Golden onion domes sit atop the fortified hill like an imperial diadem. Its golden crosses stab the sky. Red, green and blue roof tiles dance a polannaise in front of the silver backdrop of the Moscow sky. This riot of color bursts forth from the seat of Soviet Communism. To westerners the Kremlin symbolizes oppressive Communist rule. However, to Russian Orthodox Christians, it is the glory of Gods Presence in Holy Mother Russia.
Churches, cathedrals, monasteries and palaces vie each other for attention. Each structure, regardless of size, has played a significant role in Russias complex history of glory and gloom. However, none is dearer to the Russian than the Uspensky Sobor, the Cathedral of the Dormition. Named in honor of Our Ladys death and assumption, the cathedral was the site of the czars coronation and the seat of the Russian patriarch. The structure is a masterpiece of medieval Russian art. Gilded frescoes and gem encrusted icons dazzle the eye. Enshrined within this bejeweled reliquary is the holiest relic of Russia, the icon of Our Lady of Vladimir.
The rough amber surface of the icon is encrusted with layers of dusty pigment. Though damaged and worn due to centuries of devotion and decay, the painted image remains intact. Jesus, wrapped in a gold and white tunic, clutches his mother. His embrace is lost in the weightlessness of Marys black mantle. His left arm encircles her attenuated neck, their cheeks are tightly pressed together. Marys almond-shaped eyes peer into space, oblivious to the force of Jesus embrace. Jesus is a shrunken old man, his face hardly the face of a child. Since the 12th century this image has been the intimate link between God and the Russian nation.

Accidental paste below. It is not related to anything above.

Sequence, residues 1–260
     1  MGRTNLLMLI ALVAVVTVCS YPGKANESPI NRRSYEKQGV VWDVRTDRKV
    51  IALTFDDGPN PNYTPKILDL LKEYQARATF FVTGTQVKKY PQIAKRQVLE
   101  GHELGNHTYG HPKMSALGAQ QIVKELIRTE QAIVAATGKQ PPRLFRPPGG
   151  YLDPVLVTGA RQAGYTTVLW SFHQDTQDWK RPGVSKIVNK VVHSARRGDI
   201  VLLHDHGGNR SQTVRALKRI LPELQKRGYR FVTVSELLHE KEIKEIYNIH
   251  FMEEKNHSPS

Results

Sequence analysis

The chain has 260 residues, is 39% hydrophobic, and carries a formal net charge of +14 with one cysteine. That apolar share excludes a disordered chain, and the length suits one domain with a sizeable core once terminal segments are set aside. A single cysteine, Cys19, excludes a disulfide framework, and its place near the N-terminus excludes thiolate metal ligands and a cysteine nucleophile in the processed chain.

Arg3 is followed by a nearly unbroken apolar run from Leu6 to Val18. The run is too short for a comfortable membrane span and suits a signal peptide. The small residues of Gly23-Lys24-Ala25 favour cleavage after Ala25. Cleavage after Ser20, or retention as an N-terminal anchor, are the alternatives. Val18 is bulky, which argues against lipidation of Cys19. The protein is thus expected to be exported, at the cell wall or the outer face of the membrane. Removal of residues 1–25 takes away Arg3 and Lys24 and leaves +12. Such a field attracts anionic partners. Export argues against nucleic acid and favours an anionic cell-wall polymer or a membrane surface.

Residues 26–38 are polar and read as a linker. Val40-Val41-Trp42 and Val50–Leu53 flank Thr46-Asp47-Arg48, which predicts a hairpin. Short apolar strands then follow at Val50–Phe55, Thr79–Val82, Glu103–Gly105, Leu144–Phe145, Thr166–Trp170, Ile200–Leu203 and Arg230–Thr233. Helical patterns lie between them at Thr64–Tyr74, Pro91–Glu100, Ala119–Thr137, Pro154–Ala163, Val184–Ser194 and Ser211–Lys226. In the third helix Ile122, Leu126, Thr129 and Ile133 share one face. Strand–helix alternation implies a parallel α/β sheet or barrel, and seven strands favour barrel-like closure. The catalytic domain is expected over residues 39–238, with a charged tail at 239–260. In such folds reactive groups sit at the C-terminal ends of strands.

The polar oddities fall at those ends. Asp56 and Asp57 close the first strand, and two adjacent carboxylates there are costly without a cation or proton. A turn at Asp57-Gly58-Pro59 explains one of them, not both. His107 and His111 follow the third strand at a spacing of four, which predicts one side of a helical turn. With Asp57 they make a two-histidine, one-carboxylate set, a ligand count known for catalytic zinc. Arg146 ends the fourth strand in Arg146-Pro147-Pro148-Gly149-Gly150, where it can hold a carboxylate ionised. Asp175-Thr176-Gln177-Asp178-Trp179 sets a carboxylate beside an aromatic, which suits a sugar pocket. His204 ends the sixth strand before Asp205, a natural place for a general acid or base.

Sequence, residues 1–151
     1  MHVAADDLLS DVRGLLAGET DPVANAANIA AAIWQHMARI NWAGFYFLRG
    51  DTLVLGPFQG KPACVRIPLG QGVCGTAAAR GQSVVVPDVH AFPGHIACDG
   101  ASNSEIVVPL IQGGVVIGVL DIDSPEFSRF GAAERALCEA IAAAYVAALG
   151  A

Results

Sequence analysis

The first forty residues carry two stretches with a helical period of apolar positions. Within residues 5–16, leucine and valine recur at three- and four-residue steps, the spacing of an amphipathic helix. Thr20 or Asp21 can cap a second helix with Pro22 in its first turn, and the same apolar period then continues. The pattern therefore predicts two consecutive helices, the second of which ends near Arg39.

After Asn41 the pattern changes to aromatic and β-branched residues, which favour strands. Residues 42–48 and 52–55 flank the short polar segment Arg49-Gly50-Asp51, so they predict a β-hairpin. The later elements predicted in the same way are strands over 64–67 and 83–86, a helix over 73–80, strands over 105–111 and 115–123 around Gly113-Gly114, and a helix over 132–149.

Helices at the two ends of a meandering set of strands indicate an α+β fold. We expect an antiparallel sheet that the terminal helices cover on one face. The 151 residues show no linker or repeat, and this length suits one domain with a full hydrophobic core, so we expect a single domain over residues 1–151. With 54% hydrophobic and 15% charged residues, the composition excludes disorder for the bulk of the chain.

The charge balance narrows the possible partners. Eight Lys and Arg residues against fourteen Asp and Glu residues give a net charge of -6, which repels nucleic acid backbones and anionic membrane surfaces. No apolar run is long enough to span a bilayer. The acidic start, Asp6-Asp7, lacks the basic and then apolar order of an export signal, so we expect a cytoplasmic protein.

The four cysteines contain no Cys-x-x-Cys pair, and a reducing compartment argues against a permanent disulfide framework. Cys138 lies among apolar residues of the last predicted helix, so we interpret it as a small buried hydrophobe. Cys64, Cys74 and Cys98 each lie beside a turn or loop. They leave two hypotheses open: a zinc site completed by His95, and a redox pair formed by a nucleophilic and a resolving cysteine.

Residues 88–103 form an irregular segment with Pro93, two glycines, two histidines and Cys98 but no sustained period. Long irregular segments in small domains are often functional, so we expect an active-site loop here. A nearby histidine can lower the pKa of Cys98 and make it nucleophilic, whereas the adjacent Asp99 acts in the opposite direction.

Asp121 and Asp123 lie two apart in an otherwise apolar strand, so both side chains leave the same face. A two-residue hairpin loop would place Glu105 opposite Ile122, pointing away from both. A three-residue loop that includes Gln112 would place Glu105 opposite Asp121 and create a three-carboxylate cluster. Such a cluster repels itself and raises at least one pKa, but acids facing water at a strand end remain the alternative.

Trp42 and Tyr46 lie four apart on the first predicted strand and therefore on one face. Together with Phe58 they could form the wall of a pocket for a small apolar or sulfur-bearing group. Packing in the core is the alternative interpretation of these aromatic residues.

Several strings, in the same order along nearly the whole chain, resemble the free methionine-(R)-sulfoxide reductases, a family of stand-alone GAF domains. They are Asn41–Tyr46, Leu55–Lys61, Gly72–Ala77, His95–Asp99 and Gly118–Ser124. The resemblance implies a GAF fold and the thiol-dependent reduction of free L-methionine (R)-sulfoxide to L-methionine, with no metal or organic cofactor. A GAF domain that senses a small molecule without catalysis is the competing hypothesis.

To the Orthodox Christian, an icon is not merely a representation of Jesus, Mary or the saints. It is a channel of grace. In pre-Revolutionary Russian culture, icons were often endowed with personalities of their own. Our Lady of Vladimir was no exception. Marys intercession was invoked to bless the armies that defended 14th century Moscow from the Mongolian invader. In the 17th century the icon was carried in procession to boost the morale of the soldiers who fought to defend Moscow from the powerful Poles. And it was reported that Stalin used the icon to bless the Red Army in the fight against Nazi Germany. Our Lady of Vladimir was undoubtedly a Russian patriot.
Since the Revolution the icon has been exhibited in the Tretyakov Gallery in Moscow, a copy of the icon is now in the cathedral, today a museum. Our Lady of Vladimir, even in the isolated environment of the Tretyakov Gallery, continues to command awe and respect. It has often been noted that hats are taken off in respect, quick signs of the cross are made and a general deferential silence pervades the room that houses the hallowed relic. No longer an official national symbol, the icon retains a powerful hold on the hearts of the Russian people.
Michael La Civita is CNEWA’s vice president for communications.